Managing Organizational Change: A Multiple Perspectives Approach

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  • Edition: 2nd
  • Format: Paperback
  • Copyright: 2008-03-31
  • Publisher: McGraw-Hill Education
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Managing Organizational Change: A Multiple Perspectives Approach, 2/e by Palmer, Dunford and Akin, provides managers with an awareness of the issues involved in managing change, moving them beyond "one-best way" approaches and providing them with access to multiple perspectives that they can draw upon in order to enhance their success in producing organizational change. These multiple perspectives provide a theme for the text as well as a framework for the way each chapter outlines different options open to managers in helping them to identify, in a reflective way, the actions and choices open to them. Book jacket.

Table of Contents

Prefacep. xi
Introduction: Stories of Changep. 1
Stories of Changep. 2
A Hewlett-Packard Change Story: Managing a Mergerp. 2
An IBM Change Story: Transformational Change from Below and Abovep. 3
A Kodak Change Story: Provoking Reactionsp. 5
A McDonald's Change Story: Responding to Pressurep. 6
Drawing out the Change Issues and Where They Are Found in the Chapters That Followp. 8
Images of Managing Change...Chapter Twop. 8
Why Organizations Change...Chapter Threep. 10
What Changes in Organizations... Chapter Fourp. 11
Diagnosis for Change...Chapter Fivep. 11
Resistance to Change...Chapter Sixp. 11
Implementing Change...Chapters Seven and Eightp. 12
Linking Vision and Change... Chapter Ninep. 12
Strategies and Skills for Communicating Change...Chapters Ten and Elevenp. 13
Consolidating Change...Chapter Twelvep. 13
Bringing It All Together: A Roadmap of the Bookp. 14
A Note on Chapter Formatsp. 16
Conclusionp. 16
Bibliographyp. 17
Notesp. 20
Images of Managing Changep. 23
Images of Managing Change: Where They Come Fromp. 24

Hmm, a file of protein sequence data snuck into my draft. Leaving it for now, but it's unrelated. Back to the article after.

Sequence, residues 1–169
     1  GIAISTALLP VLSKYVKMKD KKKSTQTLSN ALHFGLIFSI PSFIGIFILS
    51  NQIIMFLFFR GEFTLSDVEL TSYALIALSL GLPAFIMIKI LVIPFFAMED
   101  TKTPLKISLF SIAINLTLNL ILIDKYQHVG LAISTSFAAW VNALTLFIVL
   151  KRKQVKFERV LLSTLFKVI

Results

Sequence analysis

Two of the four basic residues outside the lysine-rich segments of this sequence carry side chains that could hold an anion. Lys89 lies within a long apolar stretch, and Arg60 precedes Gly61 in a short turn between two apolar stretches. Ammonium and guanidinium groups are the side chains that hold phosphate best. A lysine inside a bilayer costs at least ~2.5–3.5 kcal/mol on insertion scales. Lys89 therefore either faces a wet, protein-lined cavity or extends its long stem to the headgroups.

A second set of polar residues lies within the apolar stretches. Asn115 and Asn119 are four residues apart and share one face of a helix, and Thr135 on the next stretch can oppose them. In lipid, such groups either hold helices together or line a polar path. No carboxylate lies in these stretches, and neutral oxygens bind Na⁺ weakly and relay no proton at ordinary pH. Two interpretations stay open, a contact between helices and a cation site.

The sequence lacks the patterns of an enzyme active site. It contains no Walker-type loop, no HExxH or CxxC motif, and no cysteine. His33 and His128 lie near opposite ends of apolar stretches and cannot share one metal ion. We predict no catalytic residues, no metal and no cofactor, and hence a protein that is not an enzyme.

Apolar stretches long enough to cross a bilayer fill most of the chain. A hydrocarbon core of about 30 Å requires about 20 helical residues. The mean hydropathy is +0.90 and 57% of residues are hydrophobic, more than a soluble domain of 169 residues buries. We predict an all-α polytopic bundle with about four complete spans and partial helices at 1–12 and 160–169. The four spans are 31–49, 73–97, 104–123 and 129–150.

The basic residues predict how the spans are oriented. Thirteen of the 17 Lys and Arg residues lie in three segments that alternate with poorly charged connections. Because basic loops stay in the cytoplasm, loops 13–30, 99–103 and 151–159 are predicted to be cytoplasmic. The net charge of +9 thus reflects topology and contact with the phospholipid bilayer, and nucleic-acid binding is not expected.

Images of Managingp. 24
Images of Change Outcomesp. 25
Six Images of Managing Changep. 26
Change Manager as Directorp. 27
Change Manager as Navigatorp. 27
Change Manager as Caretakerp. 28
Change Manager as Coachp. 30
Change Manager as Interpreterp. 31
Change Manager as Nurturerp. 32
Using the Six-Images Frameworkp. 34
Three Key Uses of the Six-Images Frameworkp. 35
Conclusionp. 38
Supplemental Readingp. 39
Case Study: Green Mountain Resort (Dis)solves the Turnover Problemp. 40
Bibliographyp. 42
Notesp. 46
Why Organizations Changep. 49
Environmental Pressures for Changep. 50
Fashion Pressuresp. 52
Mandated Pressuresp. 53
Geopolitical Pressuresp. 55
Market Decline Pressuresp. 56
Hypercompetition Pressuresp. 57
Reputation and Credibility Pressuresp. 59
Why Organizations May Not Change in the Face of External Environmental Pressuresp. 60
Organizational Learning versus Threat-Rigidityp. 61
Environment as Objective Entity versus Environment as Cognitive Constructionp. 62
Forces for Change versus Forces for Stabilityp. 63
Bridging (Adapting) versus Buffering (Shielding)p. 63
Organizational Pressures for Changep. 65
Growth Pressuresp. 65
Integration and Collaboration Pressuresp. 66
Identity Pressuresp. 67
New Broom Pressuresp. 67
Power and Political Pressuresp. 69
Conclusionp. 70
Supplemental Readingp. 71
Case Study: Chipping Away at Intelp. 72
Bibliographyp. 74
Notesp. 80
What Changes in Organizationsp. 85
Types of Changesp. 86
Distinguishing between First-Order and Second-Order Changesp. 86
First-Order, Adaptive Changesp. 87
Second-Order, Transformational Changep. 89
Beyond Either First-Order or Second-Order Changep. 93
Rethinking Linear, Equilibrium Assumptions about Changep. 96
Implications for Change Managersp. 97
Types of Changes: Lessons from the Front Linep. 99
Downsizingp. 99
Technological Changep. 101
Mergers and Acquisitionsp. 103
Revisiting Downsizing, Technological Change, and Mergers and Acquisitions: How Fast?p. 106
Conclusionp. 107
Supplemental Readingp. 108
Case Study: Nestlep. 109
Bibliographyp. 110
Notesp. 115
Diagnosis for Changep. 121
Models: Why Bother?p. 122
Modeling Organizationsp. 123
The Six-Box Organizational Modelp. 123
The 7-S Frameworkp. 124
The Star Modelp. 124
The Congruence Modelp. 126
The Burke-Litwin Modelp. 128
The Four-Frame Modelp. 128
Diagnosis by Imagep. 130
Component Analysisp. 130
The PESTEL Frameworkp. 130
Scenario Analysisp. 131
Gap Analysisp. 132
The Elements of Strategyp. 132
The Strategic Inventoryp. 133
Newsflash Exercisep. 135
Cultural Webp. 135
Structural Dilemmasp. 140
The Boundaryless Organizationp. 140
Diagnosing Readiness to Changep. 141
Stakeholder Analysisp. 146
Force-Field Analysisp. 151
Conclusionp. 152
Supplemental Readingp. 152
Case Study: Boeingp. 153
Bibliographyp. 155
Notesp. 157
Resistance to Changep. 159
Support for Changep. 159
Signs of Resistance to Changep. 161
Why Do People Resist Change?p. 162
Dislike of Changep. 162
Discomfort with Uncertaintyp. 163
Perceived Negative Effect on Interestsp. 163
Attachment to the Established Organizational Culture/Identityp. 163
Perceived Breach of Psychological Contractp. 165
Lack of Conviction That Change Is Neededp. 165
Lack of Clarity as to What Is Expectedp. 165
Belief That the Specific Change Being Proposed Is Inappropriatep. 165
Belief That the Timing Is Wrongp. 166
Excessive Changep. 166
Cumulative Effect of Other Changes in One's Lifep. 166
Perceived Clash with Ethicsp. 166
Reaction to the Experience of Previous Changesp. 167